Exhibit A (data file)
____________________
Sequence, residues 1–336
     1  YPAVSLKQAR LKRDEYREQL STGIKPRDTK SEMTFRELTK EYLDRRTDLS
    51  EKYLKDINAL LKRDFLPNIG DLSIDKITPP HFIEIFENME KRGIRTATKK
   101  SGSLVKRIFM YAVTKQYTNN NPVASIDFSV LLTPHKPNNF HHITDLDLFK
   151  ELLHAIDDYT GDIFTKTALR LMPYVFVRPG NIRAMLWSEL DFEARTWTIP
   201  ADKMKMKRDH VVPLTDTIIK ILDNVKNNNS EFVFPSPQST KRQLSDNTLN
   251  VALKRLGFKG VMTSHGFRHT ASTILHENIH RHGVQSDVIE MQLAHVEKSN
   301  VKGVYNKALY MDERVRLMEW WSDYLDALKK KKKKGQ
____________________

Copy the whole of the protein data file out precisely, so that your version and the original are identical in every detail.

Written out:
Sequence, residues 1–336
     1  YPAVSLKQAR LKRDEYREQL STGIKPRDTK SEMTFRELTK EYLDRRTDLS
    51  EKYLKDINAL LKRDFLPNIG DLSIDKITPP HFIEIFENME KRGIRTATKK
   101  SGSLVKRIFM YAVTKQYTNN NPVASIDFSV LLTPHKPNNF HHITDLDLFK
   151  ELLHAIDDYT GDIFTKTALR LMPYVFVRPG NIRAMLWSEL DFEARTWTIP
   201  ADKMKMKRDH VVPLTDTIIK ILDNVKNNNS EFVFPSPQST KRQLSDNTLN
   251  VALKRLGFKG VMTSHGFRHT ASTILHENIH RHGVQSDVIE MQLAHVEKSN
   301  VKGVYNKALY MDERVRLMEW WSDYLDALKK KKKKGQ